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Principle One: ReciprocationTakeaway: Consumers respond very well to receiving something without having to offer anything up front (obviously). Businesses should be offering free samples/info/features to people first and play off the fact it is the human condition to reciprocate those offerings. Need proof? A study found that putting a mint on the bill tray in restaurants increased tips by 3.3%, and putting two mints resulted in a 14.1% increase. Action Item: Evaluate what it is you have to offer and actively give away your mints. Do you have whitepapers, a free-to-try option or free features? Keep track of site conversions pre/post giveaway and test which one works the best!
Principle Two: LikingTakeaway: Believe it or not, people are more easily influenced by people they know and like. So, one great way to boost conversions is to uncover and surface similarities that truly exist between yourself and the people you’re dealing with. Put information about yourself out there so audiences can find similarities themselves. Action Item: Tell people features of who you are professionally and personally in your website’s About Us section. Most About Us sections are pretty boring and therefore not useful to users. Put a fun item like favorite "Driveway Songs" in there to make it more compelling.
Principle Three: Commitment/ConsistencyTakeaway: Getting your potential customers to make a soft commitment can provide significant boosts to conversion rates. One example of this was a restaurant that changed saying "please call if you can’t make your reservation" to "will you please call if you can’t make your reservation" – this dropped no shows from 32% to 10%. Action Item: Make users click on preliminary commitments in way that's public and visible. For example, have them share they are going to test your product before they actually receive it.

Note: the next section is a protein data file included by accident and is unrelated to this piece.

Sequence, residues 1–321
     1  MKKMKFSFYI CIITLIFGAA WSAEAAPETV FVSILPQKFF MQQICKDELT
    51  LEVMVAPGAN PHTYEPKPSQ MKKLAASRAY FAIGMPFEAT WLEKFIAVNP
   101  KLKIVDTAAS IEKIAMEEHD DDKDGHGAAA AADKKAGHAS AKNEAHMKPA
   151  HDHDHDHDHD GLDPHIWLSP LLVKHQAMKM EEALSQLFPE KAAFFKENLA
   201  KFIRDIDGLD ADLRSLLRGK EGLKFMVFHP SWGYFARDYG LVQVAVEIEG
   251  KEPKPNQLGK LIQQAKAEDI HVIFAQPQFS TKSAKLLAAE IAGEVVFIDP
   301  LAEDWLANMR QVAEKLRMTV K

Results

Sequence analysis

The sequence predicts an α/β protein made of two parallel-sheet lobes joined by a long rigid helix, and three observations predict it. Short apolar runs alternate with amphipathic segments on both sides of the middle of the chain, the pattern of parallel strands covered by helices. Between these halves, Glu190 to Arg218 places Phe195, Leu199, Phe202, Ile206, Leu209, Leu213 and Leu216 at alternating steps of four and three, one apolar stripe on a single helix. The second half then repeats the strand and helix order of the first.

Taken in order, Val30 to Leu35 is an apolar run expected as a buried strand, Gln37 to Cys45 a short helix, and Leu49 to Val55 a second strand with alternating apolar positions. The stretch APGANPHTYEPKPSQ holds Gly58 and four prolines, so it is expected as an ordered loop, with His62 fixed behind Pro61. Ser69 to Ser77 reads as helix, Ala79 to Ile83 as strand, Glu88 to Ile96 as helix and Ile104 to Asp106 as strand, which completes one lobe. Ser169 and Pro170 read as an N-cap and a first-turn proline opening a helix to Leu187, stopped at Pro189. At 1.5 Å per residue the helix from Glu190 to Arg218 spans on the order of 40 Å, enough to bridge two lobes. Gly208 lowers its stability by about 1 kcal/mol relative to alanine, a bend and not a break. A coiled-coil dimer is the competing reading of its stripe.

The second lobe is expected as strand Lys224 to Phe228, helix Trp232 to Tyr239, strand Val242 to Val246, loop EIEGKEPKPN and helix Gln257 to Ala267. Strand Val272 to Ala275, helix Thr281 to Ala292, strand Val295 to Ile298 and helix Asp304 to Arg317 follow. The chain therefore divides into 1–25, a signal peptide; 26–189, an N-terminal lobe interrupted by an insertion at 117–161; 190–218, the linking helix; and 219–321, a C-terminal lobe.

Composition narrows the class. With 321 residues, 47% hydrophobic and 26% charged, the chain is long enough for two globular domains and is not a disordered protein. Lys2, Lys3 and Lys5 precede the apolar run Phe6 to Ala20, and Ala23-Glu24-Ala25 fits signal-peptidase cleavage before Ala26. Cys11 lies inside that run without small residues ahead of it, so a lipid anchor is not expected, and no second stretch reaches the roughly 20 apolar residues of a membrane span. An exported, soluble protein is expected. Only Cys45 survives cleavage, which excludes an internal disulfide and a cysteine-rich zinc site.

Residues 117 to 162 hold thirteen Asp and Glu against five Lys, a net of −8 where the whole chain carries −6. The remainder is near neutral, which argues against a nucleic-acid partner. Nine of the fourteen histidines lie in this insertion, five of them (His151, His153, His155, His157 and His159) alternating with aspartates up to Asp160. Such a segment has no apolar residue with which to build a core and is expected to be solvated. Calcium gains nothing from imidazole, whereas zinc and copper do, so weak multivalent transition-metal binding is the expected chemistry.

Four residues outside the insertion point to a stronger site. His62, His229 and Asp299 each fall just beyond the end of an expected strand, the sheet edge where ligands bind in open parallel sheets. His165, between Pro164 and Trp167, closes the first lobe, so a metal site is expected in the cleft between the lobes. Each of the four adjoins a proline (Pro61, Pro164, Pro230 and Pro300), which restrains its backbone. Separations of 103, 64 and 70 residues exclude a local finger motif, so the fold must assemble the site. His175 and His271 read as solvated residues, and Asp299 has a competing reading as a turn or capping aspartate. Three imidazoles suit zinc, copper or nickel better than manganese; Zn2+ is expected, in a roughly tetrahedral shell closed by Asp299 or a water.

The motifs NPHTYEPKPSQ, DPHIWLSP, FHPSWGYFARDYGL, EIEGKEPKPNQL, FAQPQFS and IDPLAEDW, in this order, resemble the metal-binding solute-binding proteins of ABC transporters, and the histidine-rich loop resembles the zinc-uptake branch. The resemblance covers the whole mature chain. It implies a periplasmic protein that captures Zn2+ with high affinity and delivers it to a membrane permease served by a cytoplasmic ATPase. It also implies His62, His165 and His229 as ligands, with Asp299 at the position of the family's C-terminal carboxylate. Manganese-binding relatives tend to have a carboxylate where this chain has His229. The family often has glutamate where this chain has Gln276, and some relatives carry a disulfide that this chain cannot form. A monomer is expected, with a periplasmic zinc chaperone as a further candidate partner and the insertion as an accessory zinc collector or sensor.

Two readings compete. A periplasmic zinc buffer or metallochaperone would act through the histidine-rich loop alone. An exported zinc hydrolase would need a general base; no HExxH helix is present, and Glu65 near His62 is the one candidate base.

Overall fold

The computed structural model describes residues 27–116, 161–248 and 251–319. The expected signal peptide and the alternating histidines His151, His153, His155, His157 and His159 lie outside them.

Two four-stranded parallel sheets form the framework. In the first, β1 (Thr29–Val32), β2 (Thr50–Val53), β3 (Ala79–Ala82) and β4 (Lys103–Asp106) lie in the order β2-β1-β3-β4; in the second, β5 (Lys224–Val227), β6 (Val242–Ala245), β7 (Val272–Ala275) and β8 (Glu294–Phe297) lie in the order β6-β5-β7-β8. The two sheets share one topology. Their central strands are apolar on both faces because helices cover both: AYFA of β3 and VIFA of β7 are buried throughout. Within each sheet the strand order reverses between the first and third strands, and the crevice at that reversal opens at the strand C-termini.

Principle Four: ScarcityTakeaway: People want more of those things they can’t have. The very idea that something may be limited spurs action. According to Dr. Cialdini, people are also more mobilized to act by losing unique benefits and features than gaining them from you. Action Item: When setting up landing pages, perform A/B tests using scarcity language. Instead of “You will get X, Y and Z,” try “If you don’t buy our product you will lose out on X, Y and Z.”
Principle Five: AuthorityBasically, if an expert says it, people believe it must be true. That is why the most effective type of communicator is the Credible Communicator. This type of communicator needs to have two traits; knowledge and trustworthiness. Action Item 1: If you are an authority, tell people how great you are but find ways to do is via a 3rd party. Solicit reviews from friends, satisfied customers and prominent bloggers. Action Item 2: Develop trustworthiness by saving your strongest arguments until after mentioning a weakness. Follow the L'Oreal example – we're expensive but you're worth it.
Principle Six: ConsensusTakeaway: They may say strength comes from within, but when people are unsure they look outward, not inward. Specifically, they follow two types of people; they follow the group and they follow people similar to themselves. Action Item: If you do not have reviews on your site, you need to implement them yesterday. According to a study quoted by Dr. Cialdini, 98% of online purchasers read reviews of prior customers. If you are interested in purchasing the book from the Godfather of Influence, check out his website here: http://www.influenceatwork.com/. Also make sure to follow me on Twitter @davidcarrillo for all the latest news and information from Pubcon!
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